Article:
The Big Pitcher - Hate and War
Planting the Seed of Soccer Across America: Danny Beerseed
Photo Credit: Eduardo Verdugo/AP
Editor's Note: Martin Luther King Jr. once said, “The arc of the moral universe is long, but It bends toward justice”. Sometimes we American soccer fans get wrapped up in the day-to-day, Monday morning quarterbacking (or centerbacking), knee-jerk reactions and miss out on the big picture. This weekly column will focus on picking out the larger themes and issues of Major League Soccer and the American game.
By Eric Betts / Senior Crystal Ball Correspondent
International matches have always been an opportunity to adopt a little of the jingoism my enlightened, 21st century perspective would never allow me to ordinarily feel. To hell with Brazilians, Italians are worthless, what have the English ever done for us (Apart from the sanitation, medicine, education, wine, public order, irrigation, roads, the fresh water system and public health)?
This is a common and occasionally problematic phenomenon in international soccer, though not typically here, where the announcement of a friendly with Russia is 1,000 times more likely to set off a wave of Rocky IV references (guilty) than of proxy wars or missile crises. England still occasionally plays Germany, and when they do it seems half the populace genuinely believes it’s 1939 or 1982 while the other half is desperately waving their smartphones and pointing at the Gherkin to remind them that it’s not.
But Mexico is different, at least for me. I grew up in a part of the country that began experiencing its first big wave of immigration from Mexico and Central America right as I hit my teenage years. I heard people say and really mean of these new Hispanics coming into our small town the kind of things I would say jokingly about Belgians. Nobody I know hates Belgians, so that seemed safe. But cursing Mexicans for being Mexicans? That’s a little too close to real life. So for years, the passions of this particular rivalry seemed just a little too extreme for me. I rooted for a win and a good performance, not the utter destruction of the hopes and dreams of a nation of loathsome wretches.
Now it seems many, including Herculez Gomez, feel the rivalry is tilting that direction on its own. The cartoon villains and heroes - the Borgettis and the Lalases and the other guys who could just as easily have waged their never-ending battle for continental supremacy (Sorry, Canada) via a Saturday morning TV series - have fallen away. In a certain light, Rafa Marquez become less utter embarrassment to the game and more of the last of a dying breed, a lone-wolf commando deep behind enemy lines wreaking havoc on American soccer from the inside, a Sólido Serpiente with less stealth and more stock faces of righteous indignation.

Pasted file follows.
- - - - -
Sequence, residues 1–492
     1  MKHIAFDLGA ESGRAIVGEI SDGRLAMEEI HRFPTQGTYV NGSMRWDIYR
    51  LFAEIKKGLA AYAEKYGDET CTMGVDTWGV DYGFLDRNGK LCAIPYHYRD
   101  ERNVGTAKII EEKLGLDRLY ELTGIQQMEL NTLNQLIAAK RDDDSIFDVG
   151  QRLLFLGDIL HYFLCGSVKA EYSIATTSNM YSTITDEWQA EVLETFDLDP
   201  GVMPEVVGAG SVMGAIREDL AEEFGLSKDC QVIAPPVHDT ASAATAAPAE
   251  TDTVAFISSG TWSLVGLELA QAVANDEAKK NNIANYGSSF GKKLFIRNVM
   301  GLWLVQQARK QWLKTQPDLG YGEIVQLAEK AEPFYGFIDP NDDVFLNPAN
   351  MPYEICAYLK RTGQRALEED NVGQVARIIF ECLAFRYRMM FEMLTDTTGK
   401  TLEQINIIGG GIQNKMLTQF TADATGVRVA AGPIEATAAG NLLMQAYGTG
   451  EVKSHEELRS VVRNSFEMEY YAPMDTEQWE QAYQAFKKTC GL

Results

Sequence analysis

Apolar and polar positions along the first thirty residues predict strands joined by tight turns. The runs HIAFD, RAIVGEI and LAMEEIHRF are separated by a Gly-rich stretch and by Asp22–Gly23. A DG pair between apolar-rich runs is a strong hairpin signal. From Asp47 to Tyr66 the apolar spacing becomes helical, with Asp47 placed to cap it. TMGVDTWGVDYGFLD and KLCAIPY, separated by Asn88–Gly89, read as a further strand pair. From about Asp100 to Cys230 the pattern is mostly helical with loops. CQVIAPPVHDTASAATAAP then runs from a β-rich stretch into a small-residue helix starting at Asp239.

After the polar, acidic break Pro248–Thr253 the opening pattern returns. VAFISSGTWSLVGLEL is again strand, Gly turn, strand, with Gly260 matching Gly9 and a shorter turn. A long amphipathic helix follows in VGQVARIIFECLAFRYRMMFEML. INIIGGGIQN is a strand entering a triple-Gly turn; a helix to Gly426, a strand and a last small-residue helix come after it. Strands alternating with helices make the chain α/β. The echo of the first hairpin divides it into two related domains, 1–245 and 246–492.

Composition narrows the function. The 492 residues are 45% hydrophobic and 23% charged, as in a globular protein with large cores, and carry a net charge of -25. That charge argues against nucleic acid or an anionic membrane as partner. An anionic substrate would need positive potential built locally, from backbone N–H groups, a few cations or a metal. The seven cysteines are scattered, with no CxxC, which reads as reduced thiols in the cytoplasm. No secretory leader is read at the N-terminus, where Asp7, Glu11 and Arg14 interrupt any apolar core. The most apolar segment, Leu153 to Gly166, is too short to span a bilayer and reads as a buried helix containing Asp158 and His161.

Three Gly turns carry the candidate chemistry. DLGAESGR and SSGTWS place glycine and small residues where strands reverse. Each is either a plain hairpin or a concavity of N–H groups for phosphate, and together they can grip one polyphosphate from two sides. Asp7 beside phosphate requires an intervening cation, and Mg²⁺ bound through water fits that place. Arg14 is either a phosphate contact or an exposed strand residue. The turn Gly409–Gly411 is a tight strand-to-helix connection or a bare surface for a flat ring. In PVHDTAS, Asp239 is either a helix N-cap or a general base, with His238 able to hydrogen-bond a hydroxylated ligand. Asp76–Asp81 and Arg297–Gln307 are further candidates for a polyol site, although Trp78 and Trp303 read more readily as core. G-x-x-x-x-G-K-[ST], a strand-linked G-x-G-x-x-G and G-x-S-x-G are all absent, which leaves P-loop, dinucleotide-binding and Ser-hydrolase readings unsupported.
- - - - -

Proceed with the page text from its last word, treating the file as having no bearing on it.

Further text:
Nowadays, the players each side collectively hates the most are really just the ones we each fear the most: Dos Santos and Chicharito, Landon Donovan and his weak bladder. Maybe this game seemed more subdued because Donovan were still off on the Spider-Man 2 phase of his career, hanging up the supersuit so he could try living life as just plain old Landon. (Even Spider-Man’s villains all like Peter Parker.) Or maybe it’s because it just seems a lot easier to work up the appropriate level of bile for a big-time international rivalry when the enemy looks like this rather than this.
Part of it may be that that second face looks very much like one that could be starring for our team. The number of dual-nationals in the both the full squad and youth programs has risen to the point that stories like this one on Omar Gonzalez and mystique of the Azteca will either disappear entirely or proliferate to the point that they dominate the entire soccer media landscape, Agent Smith-style.
This could take the rivalry one of two ways:
1) A continuing cooling of temperatures like the one we’re experiencing now as players grow up together, play on youth teams in either country with one another and find themselves on the same teams in MLS, Liga MX or in Europe, or
2) The idea of two teams full of Giuseppe Rossi’s meeting in Gold Cups and WCQ’s for decades to come inspires fanbases to new levels of passion and vitriol. Either way, I’m excited for the first Mexican-media article about an American-born Mexican player and the aura that surrounds Crew Stadium.
Personally, I think one seems more likely. The goals of these teams have evolved over time., Being called the best team on the continent is something of a backhanded compliment for two fanbases who are hoping to see their teams move into the world’s elite. Mexican fans think they have a chance because they’ve won everything else at the lower levels; U.S. fans because we’re always holding out hope that the team’s just about to turn the corner. Beating each other will always be especially nice, but in order to be considered successful, they’ll have to beat plenty of other teams as well.
Like those damn, dirty Dutch. I never did like the Dutch.
Eric Betts is a freelancer writer who lives in Austin, Texas with his wife and his dog Lando (yup). He is a contributing writer for "The Other 87 Minutes", their brilliance featured every Tuesday on the Free Beer Movement in the form of "the Tuesday 10" or the "Tuesday XI". While attending the Emory University he won "College Jeopardy"
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